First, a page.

Wood Sorrel, Field Sorrel

Appears in

Honey from a Weed

By Patience Gray

Published 1986

Oxalis acetosella Rumex acetosella, R scutatus
agrella (Catalan) • xiníthra (Greek) agrella (Catalan) • xinolápathon (Greek)
Two plants with a single Italian name.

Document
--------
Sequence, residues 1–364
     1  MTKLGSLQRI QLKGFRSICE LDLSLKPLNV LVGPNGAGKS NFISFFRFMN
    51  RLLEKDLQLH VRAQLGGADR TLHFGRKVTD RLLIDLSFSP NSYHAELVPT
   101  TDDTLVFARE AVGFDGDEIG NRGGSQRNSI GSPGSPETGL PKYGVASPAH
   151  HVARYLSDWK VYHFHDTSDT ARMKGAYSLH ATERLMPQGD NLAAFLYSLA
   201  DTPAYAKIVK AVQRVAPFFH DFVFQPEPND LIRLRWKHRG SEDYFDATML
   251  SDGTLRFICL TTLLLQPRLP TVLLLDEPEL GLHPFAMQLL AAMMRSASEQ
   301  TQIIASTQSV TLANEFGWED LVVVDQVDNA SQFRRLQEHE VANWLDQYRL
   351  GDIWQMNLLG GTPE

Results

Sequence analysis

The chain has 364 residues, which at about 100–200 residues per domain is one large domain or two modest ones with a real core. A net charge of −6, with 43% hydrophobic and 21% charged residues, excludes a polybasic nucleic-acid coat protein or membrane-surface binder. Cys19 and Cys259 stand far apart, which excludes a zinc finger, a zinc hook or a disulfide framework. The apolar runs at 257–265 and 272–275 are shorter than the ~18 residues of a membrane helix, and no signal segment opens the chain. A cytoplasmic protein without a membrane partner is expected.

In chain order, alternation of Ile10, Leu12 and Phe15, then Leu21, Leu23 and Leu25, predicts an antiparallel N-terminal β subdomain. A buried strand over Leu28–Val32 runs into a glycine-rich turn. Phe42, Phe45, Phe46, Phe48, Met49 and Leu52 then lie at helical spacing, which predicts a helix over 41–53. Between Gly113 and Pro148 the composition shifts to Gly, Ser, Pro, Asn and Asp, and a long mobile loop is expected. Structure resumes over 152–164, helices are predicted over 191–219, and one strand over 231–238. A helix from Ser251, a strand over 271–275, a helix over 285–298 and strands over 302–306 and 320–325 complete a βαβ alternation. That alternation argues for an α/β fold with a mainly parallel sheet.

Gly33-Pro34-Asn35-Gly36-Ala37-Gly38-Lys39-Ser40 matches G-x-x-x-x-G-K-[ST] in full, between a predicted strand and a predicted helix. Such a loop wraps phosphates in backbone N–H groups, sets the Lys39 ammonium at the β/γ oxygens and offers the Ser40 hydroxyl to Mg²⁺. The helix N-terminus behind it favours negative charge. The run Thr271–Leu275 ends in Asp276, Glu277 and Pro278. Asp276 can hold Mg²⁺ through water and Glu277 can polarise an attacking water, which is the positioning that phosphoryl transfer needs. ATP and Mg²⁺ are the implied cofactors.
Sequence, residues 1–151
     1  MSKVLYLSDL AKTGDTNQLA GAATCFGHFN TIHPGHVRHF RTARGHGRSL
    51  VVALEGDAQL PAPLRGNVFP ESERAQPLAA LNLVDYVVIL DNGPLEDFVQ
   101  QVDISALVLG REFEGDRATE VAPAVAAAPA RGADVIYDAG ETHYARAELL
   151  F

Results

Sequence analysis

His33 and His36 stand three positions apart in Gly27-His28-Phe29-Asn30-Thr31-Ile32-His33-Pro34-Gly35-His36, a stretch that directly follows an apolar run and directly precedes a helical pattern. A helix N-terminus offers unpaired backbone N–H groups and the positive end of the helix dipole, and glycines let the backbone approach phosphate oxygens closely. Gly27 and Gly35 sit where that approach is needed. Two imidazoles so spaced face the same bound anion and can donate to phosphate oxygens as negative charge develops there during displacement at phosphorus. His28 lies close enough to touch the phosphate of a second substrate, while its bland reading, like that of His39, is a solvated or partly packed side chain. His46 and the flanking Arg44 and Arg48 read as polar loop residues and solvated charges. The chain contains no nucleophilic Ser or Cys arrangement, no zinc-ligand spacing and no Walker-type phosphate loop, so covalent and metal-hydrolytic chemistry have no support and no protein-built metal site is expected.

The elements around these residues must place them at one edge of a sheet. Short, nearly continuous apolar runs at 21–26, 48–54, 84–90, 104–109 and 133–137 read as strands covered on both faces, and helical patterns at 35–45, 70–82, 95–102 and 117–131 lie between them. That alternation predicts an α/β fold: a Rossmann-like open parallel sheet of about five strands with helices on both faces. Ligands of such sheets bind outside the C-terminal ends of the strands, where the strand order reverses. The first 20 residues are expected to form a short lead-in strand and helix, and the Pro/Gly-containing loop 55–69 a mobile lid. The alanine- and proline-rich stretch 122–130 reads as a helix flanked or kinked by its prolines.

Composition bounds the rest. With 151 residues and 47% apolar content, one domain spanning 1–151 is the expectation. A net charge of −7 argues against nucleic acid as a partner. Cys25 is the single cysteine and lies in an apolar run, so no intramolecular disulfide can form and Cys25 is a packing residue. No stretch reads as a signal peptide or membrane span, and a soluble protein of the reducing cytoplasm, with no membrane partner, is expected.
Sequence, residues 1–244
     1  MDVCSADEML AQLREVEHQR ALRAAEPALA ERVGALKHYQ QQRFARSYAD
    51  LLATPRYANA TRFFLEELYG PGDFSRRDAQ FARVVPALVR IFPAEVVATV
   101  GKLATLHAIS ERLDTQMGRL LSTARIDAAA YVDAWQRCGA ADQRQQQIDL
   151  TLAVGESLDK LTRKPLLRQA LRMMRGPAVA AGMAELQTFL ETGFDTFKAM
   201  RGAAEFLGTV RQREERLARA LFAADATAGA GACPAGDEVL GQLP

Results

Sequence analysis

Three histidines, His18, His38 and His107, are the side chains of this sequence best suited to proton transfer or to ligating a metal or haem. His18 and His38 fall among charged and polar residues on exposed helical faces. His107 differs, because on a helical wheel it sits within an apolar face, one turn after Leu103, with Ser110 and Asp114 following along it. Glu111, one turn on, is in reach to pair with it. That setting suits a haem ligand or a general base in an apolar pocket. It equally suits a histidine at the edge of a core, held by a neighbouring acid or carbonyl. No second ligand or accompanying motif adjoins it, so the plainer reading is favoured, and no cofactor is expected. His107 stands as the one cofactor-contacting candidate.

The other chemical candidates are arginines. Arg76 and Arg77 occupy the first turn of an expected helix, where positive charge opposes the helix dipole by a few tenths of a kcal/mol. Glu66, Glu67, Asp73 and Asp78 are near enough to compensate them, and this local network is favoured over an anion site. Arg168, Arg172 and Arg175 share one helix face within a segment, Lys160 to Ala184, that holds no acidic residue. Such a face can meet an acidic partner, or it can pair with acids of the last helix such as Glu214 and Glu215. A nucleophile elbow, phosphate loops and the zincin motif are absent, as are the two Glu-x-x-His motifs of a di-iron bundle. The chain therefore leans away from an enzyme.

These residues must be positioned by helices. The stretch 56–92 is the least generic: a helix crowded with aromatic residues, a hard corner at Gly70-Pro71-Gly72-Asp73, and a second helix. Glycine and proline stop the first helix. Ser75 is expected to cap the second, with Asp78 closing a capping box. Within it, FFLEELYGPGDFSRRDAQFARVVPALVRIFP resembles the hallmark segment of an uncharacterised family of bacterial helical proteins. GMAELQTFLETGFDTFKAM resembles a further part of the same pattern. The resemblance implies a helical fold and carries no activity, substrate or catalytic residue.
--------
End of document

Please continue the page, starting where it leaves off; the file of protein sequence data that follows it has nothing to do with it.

Wood sorrel, a small trefoil: this ‘of all Sorrell sauces is the best,’ wrote Gerard. These fragile leaves and stems were those originally used by the French in their Julienne soup, according to Kettner. Wood sorrel is less acid than field sorrel. It appears in the soup as little ‘threads’, these being the stalks, the trefoil leaves having dissolved. They are the origin of the fact that a Julienne soup should contain little vegetable slithers finely cut and hence of the phrase en julienne. Gerard’s sauce was sorrel ‘stamped’ (pounded) raw to which was added sugar and vinegar, a sauce for roast meat. In his day a polished brass cannon ball was sometimes used as pestle.